Eagle-eyed readers of U.S. 1 will notice a strange looking symbol on the cover of this week’s edition. It’s a QR code (standing for quick response) and readers with a smart phone and the QR app can scan the image and be connected quickly to our website, www.princetoninfo.com.
Why would anyone want to do this? And if they did couldn’t they just as easily type the URL into their web browser and access our web location that way?
Readers may want to read our print edition online for several reasons, including the convenience of clicking on hypertext to link to references cited in our print stories. A potential customer for an advertiser can scan the QR code in the print ad and reach the online destination that explains more about a product or service.
And anyone with a smart phone and its miniature keyboard can attest to the convenience of using the QR code instead of typing in a possibly lengthy URL. We look forward to other uses of the QR codes in the near future. Your suggestions, of course, are welcome.
#b#Letter to the Editor: An Israeli View?#/b#
Kudos to Scott Morgan on his interview (December 8) with Pakistani-born entrepreneur Shazid Jamil. Jamil provided candid insights on being a Muslim in the U.S. as well as about the many challenges facing his country. He also expressed his appreciation for America’s free enterprise system which helped make his current success possible.
May I suggest a future interview with an Israeli-born resident whose insights and experiences on being a Jewish entrepreneur in New Jersey would be of great interest as well.
Nassau Street, Princeton
Editor’s note: Richard K. Rein addresses this question in his column on page 42.
Monday, December 8, 1980. I was DJ’ing a fashion show in New Hope. It was a Monday Night event, yet very crowded and hotter than a July night inside the room. I DJ’ed until 2 a.m.; drove home from New Hope to Bordentown always on the watch for deer crossing Route 29.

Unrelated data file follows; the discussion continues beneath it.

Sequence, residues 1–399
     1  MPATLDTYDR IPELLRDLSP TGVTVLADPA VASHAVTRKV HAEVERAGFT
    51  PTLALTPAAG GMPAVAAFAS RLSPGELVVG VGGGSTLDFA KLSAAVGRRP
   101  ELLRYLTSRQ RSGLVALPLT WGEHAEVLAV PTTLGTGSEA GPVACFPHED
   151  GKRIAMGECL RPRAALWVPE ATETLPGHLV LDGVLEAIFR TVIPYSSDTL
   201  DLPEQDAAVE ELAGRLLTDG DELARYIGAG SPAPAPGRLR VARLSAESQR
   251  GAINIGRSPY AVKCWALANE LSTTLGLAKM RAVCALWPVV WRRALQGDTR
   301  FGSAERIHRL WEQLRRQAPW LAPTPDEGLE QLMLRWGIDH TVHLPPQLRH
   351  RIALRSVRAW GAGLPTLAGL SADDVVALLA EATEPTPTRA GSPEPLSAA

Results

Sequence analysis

I had to be a mailman in Cranbury by 6:30 a.m., obviously a short sleep night was ahead of me. I was most likely a little tipsy on the drive home and very sweaty as well from dancing and DJ’ing even though it was December. It was customary to just play one of my home made cassettes in the car and to never listen to the radio at all.
I finally arrived home by 3 a.m. I was up and showered and in my mailman monkey suit and out the door at 6 a.m. for the 30-minute ride to work. Again a cassette played in the car. I didn’t know of John Lennon’s passing until I arrived at work and it was on the cover of the morning paper.
Imagine — no pun intended — having finally hearing the news and you knew for the next eight hours or longer you had to work and walk around a town delivering mail – and with maybe a two-hour sleep under your belt.
On my first break around 10 a.m., I phoned from a phone booth — no cells back then — to my then-girlfriend Trish. Trish knew my love for John and on answering the phone and knowing it was me, she only said “I’m sorry” about four times. John was my favorite Beatle and I had met him once for a few seconds in Philadelphia when the band I drummed for performed at the Larry Kane-promoted “WFIL Helping Hand Marathon” where John Lennon was the name celebrity. I remember singing (or shouting) “Twist And Shout” in hopes John would give me a thumbs up in recognition of the tune.
It was back to work after the phone booth call. At least as a mailman I had the chance to think about what had happened while I walked the streets for a few more hours.
I’m still thinking about it 30 years later.
Randy “Now” Ellis
Ellis, a fourth generation Bordentown resident, is now the promoter of shows at the Record Collector and other venues.